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Recommendations from the Alkylphenol report

  1. The production of all alkylphenols and their derivatives should be stopped as soon as possible. An immediate ban should not present a problem to most industries. Any industries which require time to modify their processes could be given a couple of years to comply.
  2. Research should continue into evaluating the human health and environmental significance of the oestrogenic toxicity of alkylphenolic compounds. Safety levels for the sum of all alkylphenolic compounds in drinking water, rivers and estuaries must be rapidly established. The safety level for drinking water is likely to be below 1 µg/1 (1 ppb).
  3. The National Rivers Authority should establish standardised analytical methods for all alkylphenolic compounds. Any analysis must measure alkylphenol ethoxylates (of all chain lengths), alkylphenols and alkylphenoxy carboxylic acids.
  4. A thorough survey of UK rivers, and the organisms within them, should be undertaken to establish the levels of all alkylphenolic compounds. Levels in the human body must also be established. All data obtained must be available to the public.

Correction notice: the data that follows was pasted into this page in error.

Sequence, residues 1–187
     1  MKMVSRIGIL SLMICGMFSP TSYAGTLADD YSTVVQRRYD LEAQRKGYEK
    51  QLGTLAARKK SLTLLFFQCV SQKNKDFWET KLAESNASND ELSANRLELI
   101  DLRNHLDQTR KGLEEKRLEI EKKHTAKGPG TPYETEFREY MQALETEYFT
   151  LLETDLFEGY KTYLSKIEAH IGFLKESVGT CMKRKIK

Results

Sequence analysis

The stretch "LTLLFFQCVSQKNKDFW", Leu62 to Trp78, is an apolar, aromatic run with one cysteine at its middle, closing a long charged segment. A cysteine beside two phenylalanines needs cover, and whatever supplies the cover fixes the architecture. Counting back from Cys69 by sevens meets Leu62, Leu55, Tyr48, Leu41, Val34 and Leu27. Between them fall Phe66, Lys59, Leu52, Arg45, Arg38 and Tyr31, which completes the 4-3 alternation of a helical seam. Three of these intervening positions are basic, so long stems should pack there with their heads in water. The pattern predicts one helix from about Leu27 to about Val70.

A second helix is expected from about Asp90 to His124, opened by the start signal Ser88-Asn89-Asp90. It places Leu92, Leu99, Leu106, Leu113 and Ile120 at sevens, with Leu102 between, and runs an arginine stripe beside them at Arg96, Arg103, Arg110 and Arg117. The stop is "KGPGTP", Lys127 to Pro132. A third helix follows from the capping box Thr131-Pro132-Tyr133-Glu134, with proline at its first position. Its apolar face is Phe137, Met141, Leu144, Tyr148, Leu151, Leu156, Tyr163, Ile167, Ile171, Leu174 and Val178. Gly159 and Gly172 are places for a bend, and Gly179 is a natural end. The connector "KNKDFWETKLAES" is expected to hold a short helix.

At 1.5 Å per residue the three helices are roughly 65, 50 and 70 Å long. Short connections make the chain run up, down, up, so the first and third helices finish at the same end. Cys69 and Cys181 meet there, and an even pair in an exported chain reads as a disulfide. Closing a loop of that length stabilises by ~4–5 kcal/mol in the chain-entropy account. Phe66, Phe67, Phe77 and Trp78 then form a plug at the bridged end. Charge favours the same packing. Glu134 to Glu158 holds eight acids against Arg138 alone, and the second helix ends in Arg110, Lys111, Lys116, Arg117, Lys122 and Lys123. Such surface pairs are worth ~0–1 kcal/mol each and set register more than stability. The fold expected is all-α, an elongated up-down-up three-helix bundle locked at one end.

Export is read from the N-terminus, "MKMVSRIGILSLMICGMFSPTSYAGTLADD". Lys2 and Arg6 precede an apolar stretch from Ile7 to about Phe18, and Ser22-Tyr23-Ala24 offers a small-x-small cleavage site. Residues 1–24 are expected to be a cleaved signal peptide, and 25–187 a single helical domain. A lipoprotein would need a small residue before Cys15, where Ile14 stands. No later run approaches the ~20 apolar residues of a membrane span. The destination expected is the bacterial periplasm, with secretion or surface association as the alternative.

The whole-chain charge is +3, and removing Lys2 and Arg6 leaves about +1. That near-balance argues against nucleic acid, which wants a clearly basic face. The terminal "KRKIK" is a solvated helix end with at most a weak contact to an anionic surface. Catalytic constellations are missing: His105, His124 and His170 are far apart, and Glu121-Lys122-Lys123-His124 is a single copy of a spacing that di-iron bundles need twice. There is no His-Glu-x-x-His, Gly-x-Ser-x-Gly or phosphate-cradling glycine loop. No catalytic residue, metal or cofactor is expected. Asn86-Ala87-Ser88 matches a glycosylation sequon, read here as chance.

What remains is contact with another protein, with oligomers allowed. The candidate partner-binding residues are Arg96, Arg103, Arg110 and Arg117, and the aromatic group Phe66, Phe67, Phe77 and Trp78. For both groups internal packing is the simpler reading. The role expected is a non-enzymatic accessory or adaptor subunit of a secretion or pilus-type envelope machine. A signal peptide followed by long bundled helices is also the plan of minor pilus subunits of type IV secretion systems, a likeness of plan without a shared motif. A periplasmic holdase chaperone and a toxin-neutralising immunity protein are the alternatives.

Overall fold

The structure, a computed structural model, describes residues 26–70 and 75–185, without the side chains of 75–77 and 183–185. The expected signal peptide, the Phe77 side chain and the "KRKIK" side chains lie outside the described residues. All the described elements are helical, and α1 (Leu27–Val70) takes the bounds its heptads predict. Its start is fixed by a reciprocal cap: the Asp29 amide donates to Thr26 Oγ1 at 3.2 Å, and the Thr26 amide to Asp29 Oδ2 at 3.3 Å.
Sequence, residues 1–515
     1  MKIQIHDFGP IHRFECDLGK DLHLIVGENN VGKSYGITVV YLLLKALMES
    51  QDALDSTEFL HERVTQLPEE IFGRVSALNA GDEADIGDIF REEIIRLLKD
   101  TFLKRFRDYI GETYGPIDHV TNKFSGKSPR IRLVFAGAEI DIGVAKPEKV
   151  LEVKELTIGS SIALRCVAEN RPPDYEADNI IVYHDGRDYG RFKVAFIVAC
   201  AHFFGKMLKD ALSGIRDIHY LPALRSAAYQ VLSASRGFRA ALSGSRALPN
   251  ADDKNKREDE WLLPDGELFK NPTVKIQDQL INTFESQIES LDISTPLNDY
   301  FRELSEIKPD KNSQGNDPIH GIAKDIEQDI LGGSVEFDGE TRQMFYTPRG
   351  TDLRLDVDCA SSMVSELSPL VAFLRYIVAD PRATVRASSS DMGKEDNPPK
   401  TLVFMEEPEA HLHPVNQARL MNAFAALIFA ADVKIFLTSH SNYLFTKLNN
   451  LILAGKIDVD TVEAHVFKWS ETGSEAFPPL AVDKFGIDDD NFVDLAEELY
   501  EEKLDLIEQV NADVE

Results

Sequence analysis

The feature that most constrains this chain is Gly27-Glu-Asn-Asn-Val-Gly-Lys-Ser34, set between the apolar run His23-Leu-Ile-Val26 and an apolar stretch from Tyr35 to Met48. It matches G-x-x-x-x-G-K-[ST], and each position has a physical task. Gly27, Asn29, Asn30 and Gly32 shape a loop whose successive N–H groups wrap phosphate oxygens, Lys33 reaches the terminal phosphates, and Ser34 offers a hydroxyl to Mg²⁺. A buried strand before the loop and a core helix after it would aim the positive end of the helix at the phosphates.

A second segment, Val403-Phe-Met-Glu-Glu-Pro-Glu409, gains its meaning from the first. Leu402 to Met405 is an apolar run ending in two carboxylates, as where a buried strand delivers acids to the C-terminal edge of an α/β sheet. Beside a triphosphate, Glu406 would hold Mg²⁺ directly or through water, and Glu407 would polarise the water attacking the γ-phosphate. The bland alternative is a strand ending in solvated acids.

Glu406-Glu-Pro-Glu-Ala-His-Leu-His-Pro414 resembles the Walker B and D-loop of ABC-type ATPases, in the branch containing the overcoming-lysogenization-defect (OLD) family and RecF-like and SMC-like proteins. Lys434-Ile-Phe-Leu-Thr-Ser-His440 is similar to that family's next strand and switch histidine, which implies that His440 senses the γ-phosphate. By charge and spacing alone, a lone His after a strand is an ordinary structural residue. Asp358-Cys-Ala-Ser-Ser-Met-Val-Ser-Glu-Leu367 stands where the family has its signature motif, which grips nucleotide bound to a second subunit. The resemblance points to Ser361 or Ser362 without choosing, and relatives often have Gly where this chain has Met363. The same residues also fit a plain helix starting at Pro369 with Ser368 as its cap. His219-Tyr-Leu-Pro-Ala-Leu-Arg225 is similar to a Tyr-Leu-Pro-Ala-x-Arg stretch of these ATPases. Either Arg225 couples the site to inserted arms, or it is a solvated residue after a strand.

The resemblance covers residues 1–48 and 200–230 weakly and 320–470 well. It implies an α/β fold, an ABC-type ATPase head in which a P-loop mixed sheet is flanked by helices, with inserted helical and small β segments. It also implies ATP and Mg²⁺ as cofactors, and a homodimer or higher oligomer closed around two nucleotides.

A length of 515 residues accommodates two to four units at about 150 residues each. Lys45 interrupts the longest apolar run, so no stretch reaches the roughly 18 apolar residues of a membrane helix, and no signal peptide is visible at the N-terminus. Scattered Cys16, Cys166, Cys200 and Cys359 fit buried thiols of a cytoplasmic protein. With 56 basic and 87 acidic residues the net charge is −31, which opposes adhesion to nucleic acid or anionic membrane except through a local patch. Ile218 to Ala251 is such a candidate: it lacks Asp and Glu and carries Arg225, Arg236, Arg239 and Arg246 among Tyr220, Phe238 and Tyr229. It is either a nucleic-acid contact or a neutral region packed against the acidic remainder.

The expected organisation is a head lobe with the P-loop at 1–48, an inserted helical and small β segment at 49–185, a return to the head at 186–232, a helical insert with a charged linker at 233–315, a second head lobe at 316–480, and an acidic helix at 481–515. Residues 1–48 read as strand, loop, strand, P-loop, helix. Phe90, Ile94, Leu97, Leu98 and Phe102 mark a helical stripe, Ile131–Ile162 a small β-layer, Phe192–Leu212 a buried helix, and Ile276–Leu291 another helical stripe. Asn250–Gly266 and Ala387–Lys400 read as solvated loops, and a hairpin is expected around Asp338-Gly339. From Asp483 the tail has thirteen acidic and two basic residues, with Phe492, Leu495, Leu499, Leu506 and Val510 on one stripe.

5. Drinking water in the UK should be analysed for all alkylphenolic compounds, particularly if the drinking water is extracted from a river. Extra treatment should be introduced if the total alkylphenolic compound content is above the safety level.
  6. When the safety of chemicals is being assessed, it is important to keep an open mind on possible mechanisms of toxicity, and the literature should be searched for possible biochemical effects of the compound under assessment, its metabolites and similar compounds. The oestrogenic effects of para-alkylphenols were established in 1938 - 6 years before the introduction of alkylphenol ethoxylates in the UK. These effects were not connected with alkylphenol ethoxylates until 1991 - 53 years later.
  7. A wide-ranging investigation is needed into potential oestrogenic, immune system and nervous system effects of man-made chemicals. This should include analysis of past literature, and development of new toxicological assessment procedures, using cell culture where possible. The study should look first at any chemicals which can accumulate in fat, and which are not easily metabolised. Chemicals that are only used in small volumes, such as perfumes and colourants, may be able to accumulate in fat, and should be included in any investigation.


This page was last updated in October 1999
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